Oluwole had the resemblance of his mother, although he was never privileged to meet her. He at often times had wondered what she would have looked and been like. How an actual human being charged with the care and love of being his mother would have felt like. 

Mrs. Rose Ajayimore had died after labor.  

Oluwole was her first child after several years of unfruitful marriage with his father, Tunde. She was born in Delta State, Nigeria and was a devoted Catholic by faith. 

She was fair in complexion, tall and had rosy cheeks. Rose also had to herself a very friendly and caring personality. She often had her hair up in curls. She was a Masters’ Degree holder, after studying Nursing in the prestigious University of Ibadan, most commonly referred to as U.I.

Oluwole’s father, Dr. Tunde Ajayimore had married her at the age of 37. They had both met in a Catholic Church convection at Ogun State, Nigeria in the year 1993. After the liturgical mass, a few hours into the program, Tunde had seen a not-so-young lady collapse on the ground. 

Rose was an asthmatic patient and had collapsed due to the lack of proper ventilation, resulting from the large population that beheld the hall.

Thankfully, she had not fallen far from the young doctor – Tunde.

“Give her some space, help me get her out of here.” Tunde said carrying her bag in one hand and trying to help her up with the other. 

With the help of a young man, he brought her out of the hall and into an open field. He tried various methods of resuscitation on Rose with the inhaler he found in her bag, until she finally woke up. Tunde gave her sometime to refresh her air circulation before opening up to speak to her. He later narrated all what had happened to her as far as he was aware of and Rose had no doubt that it was true because she had been involved in similar experiences in the past.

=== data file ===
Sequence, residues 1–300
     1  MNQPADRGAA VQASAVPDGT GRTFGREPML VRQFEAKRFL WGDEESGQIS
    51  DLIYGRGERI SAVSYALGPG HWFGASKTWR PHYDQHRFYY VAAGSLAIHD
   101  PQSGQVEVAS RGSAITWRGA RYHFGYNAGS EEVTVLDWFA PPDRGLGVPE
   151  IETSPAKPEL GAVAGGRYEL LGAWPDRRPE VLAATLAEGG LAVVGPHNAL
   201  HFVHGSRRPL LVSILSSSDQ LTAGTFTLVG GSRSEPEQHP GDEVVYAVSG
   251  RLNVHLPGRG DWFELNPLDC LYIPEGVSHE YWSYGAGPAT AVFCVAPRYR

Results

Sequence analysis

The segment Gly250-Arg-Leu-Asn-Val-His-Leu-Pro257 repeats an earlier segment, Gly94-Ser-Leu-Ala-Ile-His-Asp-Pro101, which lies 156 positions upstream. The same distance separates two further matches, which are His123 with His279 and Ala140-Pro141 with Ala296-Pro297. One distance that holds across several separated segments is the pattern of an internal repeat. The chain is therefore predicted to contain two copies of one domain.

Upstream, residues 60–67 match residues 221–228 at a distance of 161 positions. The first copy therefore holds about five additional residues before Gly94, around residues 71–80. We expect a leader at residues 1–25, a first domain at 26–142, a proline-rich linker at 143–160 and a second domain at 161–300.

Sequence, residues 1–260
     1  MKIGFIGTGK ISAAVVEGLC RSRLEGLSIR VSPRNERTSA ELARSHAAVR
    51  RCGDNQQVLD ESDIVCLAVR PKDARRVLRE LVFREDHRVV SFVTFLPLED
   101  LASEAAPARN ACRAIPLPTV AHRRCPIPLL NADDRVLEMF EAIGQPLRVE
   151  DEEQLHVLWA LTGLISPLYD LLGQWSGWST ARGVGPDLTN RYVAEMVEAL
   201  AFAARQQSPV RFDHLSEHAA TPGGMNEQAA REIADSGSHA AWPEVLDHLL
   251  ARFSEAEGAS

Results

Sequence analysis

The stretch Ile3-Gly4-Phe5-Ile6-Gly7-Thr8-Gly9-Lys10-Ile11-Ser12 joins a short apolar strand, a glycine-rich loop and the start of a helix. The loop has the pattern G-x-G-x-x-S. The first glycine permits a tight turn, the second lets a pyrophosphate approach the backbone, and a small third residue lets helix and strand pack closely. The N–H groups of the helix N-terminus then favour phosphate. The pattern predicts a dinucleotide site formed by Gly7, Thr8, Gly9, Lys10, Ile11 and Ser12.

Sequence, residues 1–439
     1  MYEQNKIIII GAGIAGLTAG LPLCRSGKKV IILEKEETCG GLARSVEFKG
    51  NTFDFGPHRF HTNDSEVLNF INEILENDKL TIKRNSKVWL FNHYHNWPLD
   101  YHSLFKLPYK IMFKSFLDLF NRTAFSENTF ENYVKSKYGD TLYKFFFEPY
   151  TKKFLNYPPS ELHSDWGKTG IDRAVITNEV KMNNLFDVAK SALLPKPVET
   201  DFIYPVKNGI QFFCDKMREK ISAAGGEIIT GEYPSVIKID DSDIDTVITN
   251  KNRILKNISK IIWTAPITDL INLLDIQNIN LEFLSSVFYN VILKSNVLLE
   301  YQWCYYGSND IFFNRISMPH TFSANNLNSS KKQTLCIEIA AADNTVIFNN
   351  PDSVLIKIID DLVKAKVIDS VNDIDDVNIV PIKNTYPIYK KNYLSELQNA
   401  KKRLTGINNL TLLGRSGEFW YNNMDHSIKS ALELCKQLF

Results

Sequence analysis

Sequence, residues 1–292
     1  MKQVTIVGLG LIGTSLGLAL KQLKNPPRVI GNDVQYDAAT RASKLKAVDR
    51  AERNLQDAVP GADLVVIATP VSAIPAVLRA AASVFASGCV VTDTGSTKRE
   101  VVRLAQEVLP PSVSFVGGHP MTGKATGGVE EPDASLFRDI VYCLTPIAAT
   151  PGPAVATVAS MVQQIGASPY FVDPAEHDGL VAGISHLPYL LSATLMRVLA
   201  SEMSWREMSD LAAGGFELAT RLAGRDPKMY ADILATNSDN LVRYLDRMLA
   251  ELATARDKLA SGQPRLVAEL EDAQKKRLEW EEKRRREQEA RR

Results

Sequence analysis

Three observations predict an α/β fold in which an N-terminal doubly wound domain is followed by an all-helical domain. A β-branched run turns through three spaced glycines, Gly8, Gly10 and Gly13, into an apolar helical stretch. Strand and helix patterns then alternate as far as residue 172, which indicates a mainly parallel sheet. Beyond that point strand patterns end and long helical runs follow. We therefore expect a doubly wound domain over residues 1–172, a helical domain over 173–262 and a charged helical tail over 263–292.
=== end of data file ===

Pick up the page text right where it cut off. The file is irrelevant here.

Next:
“Can I have my inhaler back? Please?” Rose asked for her inhaler.

“Sure!” responded Tunde handing over the medically manufactured asthmatic inhaler into her custody.

“Thank you!” exclaimed Rose with full smiles. 

She quickly opened it up and took a few more puffs making sure to do with it, the gentle inhaling and exhaling exercises she was familiar with.

Seeing the young lady relieved, the small crowd of concerned persons and onlookers that had gathered due to self-concern on the young lady turned and had themselves slowly dispersed back into the hall. 

Tunde was putting on a fashionable men’s suit. His hair was fuzzy and he also had a pair of glasses on, which made him look very gentlemanly, more than most cases with his medical wears.

“Thank you so much. I got carried away by the program and lost consciousness of the state of my environment.” Rose said back on her feet now, deeply grateful for his timely assistance.

They both got up onto a side bench and took their seats. With the young doctor breaking the establishing silence, Tunde and Rose begun a conversation.

“I take it that you are an asthmatic so I would give you a little tip. Next time, that is if there would be one, when you plan to attend an occasion such as this, do try to take a few rounds of fresh air in a more aerated environment.” “I am Dr. Tunde by the way.” the not-so-young man said stretching out his hand for a handshake.